Under the leadership of Peter Martins, New York City Ballet has become a laboratory for developing talent. Several of these dancers probably would never have been hired by Balanchine because they do not conform to his physical ideal. Martins’ dancers are diverse and beautiful and they are a large part of why I love this company more now than ever before. Nowadays, no matter which cast of a ballet you see, the talent is abundant and often thrilling. On any given night you can see a truly inspiring performance that you will remember for years to come. Last night it was Megan Fairchild and Joaquin De Luz holding forth in Rubies’ second cast with star power that rivalled Patricia McBride and Edward Villella who were the first to dance the roles. De Luz, with his taut energy and palpable masculinity, was a joy to watch. You felt that the stage was too small when he took off running. He carried the audience along with him on his circuits around the stage. Fairchild was brilliant. She moved with such clarity and passion, blending jazzy and balletic technique with equal flair and bravura. She turned in and turned out, jumped and turned. She was fast, fearless, ferocious. These two have one of the most balanced partnerships there is at City Ballet and they lit up the stage. Savannah Lowery, not normally one of my favorite dancers, was radiant in her solos. She put out more energy than I’ve ever seen from her. Whatever she’s doing, I hope she continues to do it because it’s working in her favor. On this night, Rubies should have closed the show. It was that good.

NYCB in George Balanchine's <i>Jewels</i> © Paul Kolnik
NYCB in George Balanchine's Jewels
© Paul Kolnik

Emeralds, the first ballet of the night, was less compelling. Fauré’s music is more gentle and pastoral and it is simply less exciting than Rubies or Diamonds. Abi Stafford and Jared Angle look thoroughly comfortable together. Stafford was limpid and exuded sweetness. They were fluid, secure and winsome as a pair. Ashley Laracey and Adrian Danchig-Waring, the second lead pair, were, on the whole, better to my way of thinking. These two were pure elegance in motion. Danchig-Waring has the ability to trail his partner’s port de bras to create an extra level of rubato that is subtle but wondrous. Laracey has a glitter to her that works well with Danchig-Waring’s coolness. You could imagine this pair doing anything in the company’s repertoire. Harrison Ball is coming along nicely and was self-assured with Sara Adams and Meagan Mann in the soloist roles. Emeralds, with its grace and charm, served well as a warm up for what followed.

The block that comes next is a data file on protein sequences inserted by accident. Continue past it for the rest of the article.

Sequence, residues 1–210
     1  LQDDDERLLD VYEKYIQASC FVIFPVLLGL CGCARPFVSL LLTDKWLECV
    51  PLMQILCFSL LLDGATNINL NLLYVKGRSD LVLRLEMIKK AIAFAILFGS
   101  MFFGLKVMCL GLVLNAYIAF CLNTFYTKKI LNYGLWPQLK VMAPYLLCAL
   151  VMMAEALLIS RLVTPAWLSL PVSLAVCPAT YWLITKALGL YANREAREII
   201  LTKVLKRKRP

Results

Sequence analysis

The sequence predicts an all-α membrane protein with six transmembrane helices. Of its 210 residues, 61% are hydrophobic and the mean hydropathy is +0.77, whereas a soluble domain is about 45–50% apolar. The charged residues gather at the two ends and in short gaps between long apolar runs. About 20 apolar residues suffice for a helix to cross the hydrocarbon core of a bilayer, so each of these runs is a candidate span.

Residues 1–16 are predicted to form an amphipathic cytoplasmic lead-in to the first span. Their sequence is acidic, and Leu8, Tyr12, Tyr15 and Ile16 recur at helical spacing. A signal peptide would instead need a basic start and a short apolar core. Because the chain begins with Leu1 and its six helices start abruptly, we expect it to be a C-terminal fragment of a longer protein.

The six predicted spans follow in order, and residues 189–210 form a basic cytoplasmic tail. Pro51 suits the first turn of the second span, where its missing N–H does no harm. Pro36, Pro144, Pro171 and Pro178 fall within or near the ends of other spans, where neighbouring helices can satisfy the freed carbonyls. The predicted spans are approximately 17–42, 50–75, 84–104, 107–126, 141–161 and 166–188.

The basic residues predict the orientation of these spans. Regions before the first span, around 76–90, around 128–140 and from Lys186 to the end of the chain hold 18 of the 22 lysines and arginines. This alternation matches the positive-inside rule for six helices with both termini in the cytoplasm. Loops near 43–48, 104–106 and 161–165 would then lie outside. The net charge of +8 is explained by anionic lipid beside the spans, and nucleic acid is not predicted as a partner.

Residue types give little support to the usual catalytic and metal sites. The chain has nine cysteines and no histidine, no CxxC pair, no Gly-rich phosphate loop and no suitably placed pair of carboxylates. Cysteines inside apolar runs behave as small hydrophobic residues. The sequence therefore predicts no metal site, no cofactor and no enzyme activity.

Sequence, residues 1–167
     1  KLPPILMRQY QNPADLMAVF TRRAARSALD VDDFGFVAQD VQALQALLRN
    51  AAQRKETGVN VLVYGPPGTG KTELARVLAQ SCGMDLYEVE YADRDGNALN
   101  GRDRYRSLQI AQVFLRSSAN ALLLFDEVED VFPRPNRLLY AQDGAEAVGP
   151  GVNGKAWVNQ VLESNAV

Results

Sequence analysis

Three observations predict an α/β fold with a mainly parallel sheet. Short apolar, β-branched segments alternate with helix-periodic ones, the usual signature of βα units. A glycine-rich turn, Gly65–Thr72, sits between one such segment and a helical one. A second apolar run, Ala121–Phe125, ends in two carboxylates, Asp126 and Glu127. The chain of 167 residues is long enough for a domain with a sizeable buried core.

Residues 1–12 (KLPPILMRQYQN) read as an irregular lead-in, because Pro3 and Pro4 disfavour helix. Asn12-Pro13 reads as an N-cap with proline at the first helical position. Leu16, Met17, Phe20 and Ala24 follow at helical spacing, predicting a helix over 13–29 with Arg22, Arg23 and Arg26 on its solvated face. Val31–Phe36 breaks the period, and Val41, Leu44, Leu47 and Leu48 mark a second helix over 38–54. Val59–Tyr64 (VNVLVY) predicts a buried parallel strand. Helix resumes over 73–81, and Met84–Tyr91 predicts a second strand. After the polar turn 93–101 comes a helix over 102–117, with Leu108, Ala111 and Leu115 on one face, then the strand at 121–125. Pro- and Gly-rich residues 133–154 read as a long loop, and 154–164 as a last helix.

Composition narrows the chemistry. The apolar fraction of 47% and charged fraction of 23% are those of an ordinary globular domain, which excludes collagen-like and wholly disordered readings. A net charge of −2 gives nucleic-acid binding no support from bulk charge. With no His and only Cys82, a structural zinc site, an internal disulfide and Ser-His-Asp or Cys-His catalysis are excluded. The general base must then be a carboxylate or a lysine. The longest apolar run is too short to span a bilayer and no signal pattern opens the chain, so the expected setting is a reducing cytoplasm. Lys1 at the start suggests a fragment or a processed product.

Diamonds closed the show with its trademark clarity and brilliance and Teresa Reichlen was up to the job. This is the piece that acknowledges the debt that classical ballet owes to Imperial Russia. The role of the lead ballerina is tremendously challenging. It’s not so much that it’s really difficult steps, though some of them are. Mostly it’s because she has to sustain that level of effortless perfection over such a long period of time. Reichlen is an outstanding dancer and her solo work here was up to her usual standards but the partnering was not. Russel Janzen looked like he was struggling to find the right place to be and looking for Reichlen’s hands to lend her support. There are so many hand changes in their partnering and changes of direction that it’s easy for it all to go amiss. It wasn’t awful and nothing bad happened because of a missed grip but it wasn’t beautiful either. Fortunately, there is always the grand procession of the whole company on stage for the ending coda which is vintage Tchaikovsky and Balanchine. It’s such a satisfying climax that you’re willing to forget any slip ups that preceded it.

NYCB in George Balanchine's <i>Jewels</i> © Paul Kolnik
NYCB in George Balanchine's Jewels
© Paul Kolnik

George Balanchine's Jewels program is one of those can’t miss nights at New York City Ballet. It has something for everyone and leaves you with the certainty that you have gotten your money’s worth. It’s everything that ballet is supposed to be and a little more. It genuflects to its Russian heritage with Diamonds. It wistfully recalls its Romantic past with Emeralds. Rubies reminds us that ballet is also very much about today with its contemporary verve. On this night it was tutus and tiaras for everyone.

***11